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Michael Rapaport (#110 of 4)

Review: Todd McGowan’s Spike Lee

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Review: Todd McGowan’s Spike Lee
Review: Todd McGowan’s Spike Lee

“In 1989, 10 films got awards [at the Cannes Film Festival] and Do the Right Thing wasn’t one of them. I don’t use awards as validation, but when all is said and done, if the choice is between a director like Steven Soderbergh and Spike Lee, they’ll give it to the golden white boy every time.” These words were spoken by Spike Lee following the 1991 Cannes Film Festival, where his new film Jungle Fever had just lost the Palme d’Or to the Coen brothers’ Barton Fink. Several writers, including Gene Siskel, weren’t fans of Lee’s “straight talk,” which led Siskel to ask: “Does [Lee] stop to think before he speaks?”

Todd McGowan’s new book remains largely inconsiderate of Lee’s public persona, instead focusing the analysis exclusively on the director’s films, seeking a link that unites them. For McGowan, excess and its negotiation is the defining unity of Lee’s filmmaking—an excess that “draws the spectator’s attention to form” and “disrupts the smooth functioning of society and makes evident the failure of all elements to fit together.” However, McGowan seeks to move past prior understandings of excess and claims that a new theory is needed to understand Lee’s films, “one that focuses on the intimate link between excess and passion.”

15 Famous Detroit Movies

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15 Famous Detroit Movies
15 Famous Detroit Movies

This weekend’s hot doc is Detropia, the latest from Jesus Camp directors Heidi Ewing and Rachel Grady. A painterly ode to a recession-ravaged empire, the movie explores the rock-bottom state of Detroit, and questions whether or not it has the stuff to rebuild itself. A unique metropolis, Motor City is one offbeat cinematic setting, far from the glamor of New York and the commonness of Toronto, Hollywood’s go-to stand-in town. Only a handful of films have been set in Detroit (and even fewer have actually been filmed there), but we scrounged up an eclectic selection, boasting the likes of Clint Eastwood, Carl Weathers, Warren Beatty, and Eminem.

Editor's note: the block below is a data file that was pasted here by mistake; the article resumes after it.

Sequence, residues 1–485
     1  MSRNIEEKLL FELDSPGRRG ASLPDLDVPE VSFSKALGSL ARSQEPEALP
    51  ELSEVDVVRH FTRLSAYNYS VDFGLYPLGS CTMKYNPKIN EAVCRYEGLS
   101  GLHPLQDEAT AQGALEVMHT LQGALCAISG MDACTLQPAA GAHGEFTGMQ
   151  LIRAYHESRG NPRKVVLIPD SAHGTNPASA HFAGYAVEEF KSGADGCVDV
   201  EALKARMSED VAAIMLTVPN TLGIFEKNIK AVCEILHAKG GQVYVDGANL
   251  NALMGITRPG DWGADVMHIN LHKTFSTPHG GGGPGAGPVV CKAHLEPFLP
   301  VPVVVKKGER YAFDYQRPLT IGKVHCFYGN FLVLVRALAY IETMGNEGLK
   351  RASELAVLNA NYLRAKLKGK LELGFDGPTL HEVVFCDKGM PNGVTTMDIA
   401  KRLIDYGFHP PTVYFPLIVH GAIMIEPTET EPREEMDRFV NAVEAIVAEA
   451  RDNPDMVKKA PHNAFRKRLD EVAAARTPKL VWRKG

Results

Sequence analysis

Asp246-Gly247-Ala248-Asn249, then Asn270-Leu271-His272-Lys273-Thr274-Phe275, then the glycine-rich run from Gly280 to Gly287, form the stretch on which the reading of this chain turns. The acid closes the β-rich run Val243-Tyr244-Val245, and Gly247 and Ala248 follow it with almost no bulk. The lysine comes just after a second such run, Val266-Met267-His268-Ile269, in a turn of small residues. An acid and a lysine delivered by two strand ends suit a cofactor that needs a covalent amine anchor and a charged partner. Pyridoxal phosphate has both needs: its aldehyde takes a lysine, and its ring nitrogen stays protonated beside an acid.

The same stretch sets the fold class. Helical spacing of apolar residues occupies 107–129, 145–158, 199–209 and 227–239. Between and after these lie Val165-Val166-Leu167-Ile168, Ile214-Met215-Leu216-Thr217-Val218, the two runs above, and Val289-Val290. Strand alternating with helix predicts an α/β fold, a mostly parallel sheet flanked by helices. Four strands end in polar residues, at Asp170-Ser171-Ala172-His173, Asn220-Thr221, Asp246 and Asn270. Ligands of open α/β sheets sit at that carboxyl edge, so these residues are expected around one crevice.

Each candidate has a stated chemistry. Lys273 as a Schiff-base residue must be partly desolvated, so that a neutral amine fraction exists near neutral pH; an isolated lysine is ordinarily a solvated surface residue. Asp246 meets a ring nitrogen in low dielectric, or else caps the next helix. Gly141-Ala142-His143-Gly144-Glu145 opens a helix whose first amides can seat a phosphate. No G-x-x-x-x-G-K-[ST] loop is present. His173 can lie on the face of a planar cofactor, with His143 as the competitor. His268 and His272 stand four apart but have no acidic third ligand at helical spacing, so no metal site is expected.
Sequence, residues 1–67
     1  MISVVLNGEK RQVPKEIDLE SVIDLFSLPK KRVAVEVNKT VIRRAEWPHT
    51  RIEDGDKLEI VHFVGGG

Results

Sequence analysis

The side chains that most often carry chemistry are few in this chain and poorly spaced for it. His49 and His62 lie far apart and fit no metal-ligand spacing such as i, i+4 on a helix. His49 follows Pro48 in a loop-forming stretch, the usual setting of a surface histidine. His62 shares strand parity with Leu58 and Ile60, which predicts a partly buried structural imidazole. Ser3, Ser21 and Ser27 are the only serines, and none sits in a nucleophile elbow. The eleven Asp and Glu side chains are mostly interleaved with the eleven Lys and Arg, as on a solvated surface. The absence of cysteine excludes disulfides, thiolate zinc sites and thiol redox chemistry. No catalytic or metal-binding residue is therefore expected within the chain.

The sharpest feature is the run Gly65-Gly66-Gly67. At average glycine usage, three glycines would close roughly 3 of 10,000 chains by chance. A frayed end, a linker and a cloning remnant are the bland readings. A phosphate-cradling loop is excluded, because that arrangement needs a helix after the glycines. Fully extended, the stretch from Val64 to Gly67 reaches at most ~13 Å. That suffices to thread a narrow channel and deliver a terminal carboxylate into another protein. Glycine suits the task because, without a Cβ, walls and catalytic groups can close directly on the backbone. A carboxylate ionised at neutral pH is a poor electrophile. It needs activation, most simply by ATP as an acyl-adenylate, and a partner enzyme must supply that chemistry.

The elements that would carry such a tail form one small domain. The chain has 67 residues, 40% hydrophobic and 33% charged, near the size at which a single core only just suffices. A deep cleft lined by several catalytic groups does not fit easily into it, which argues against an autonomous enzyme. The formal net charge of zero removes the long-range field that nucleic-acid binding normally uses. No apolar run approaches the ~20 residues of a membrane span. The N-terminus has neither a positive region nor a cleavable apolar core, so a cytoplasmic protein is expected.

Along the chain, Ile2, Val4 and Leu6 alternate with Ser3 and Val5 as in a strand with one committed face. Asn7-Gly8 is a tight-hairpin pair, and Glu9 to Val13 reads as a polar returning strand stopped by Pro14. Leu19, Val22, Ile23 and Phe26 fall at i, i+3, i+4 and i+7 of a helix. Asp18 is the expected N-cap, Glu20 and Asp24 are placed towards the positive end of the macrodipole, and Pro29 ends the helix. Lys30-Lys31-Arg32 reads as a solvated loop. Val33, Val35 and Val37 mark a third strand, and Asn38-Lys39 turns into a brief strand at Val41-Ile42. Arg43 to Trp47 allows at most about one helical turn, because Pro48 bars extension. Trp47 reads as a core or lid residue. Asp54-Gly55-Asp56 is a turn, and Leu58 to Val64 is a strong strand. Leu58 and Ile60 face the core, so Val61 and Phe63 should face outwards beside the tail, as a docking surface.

The Conversations: Bamboozled

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The Conversations: Bamboozled
The Conversations: Bamboozled

Ed Howard: Towards the end of Spike Lee’s viciously funny media parody Bamboozled, there’s a shootout between the police and a militant rap group in which all the black members of the group are quickly killed, leaving behind the one white guy (played by MC Serch of real-life hip-hop outfit 3rd Bass). As the cops put him in cuffs, this one survivor repeatedly cries out to them, “Why didn’t you shoot me?” It’s such a poignant moment because he seems to be pleading with them, begging them to treat him the way they’d treated the black members of the group, demanding that he not be spared because of the color of his skin. He’s so upset, not only because his friends are all dead, but because he’s realized an essential truth that Lee is getting at in this movie: no matter how well he’d fit in with his black peers, no matter how fully he’d been accepted by them and participated in their work, he was still separated from them, cut off from their experience of the world at a very basic level over which he could have no control.